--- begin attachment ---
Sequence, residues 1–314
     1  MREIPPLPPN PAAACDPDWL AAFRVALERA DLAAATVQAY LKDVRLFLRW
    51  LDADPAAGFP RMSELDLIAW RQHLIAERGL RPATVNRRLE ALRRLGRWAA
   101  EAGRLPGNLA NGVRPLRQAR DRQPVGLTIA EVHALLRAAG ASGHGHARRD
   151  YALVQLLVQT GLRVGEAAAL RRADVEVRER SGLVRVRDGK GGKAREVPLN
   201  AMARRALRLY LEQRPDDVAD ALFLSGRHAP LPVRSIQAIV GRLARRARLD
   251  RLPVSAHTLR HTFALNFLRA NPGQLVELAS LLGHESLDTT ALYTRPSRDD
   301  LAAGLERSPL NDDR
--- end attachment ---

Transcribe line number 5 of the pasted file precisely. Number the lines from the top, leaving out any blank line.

   151  YALVQLLVQT GLRVGEAAAL RRADVEVRER SGLVRVRDGK GGKAREVPLN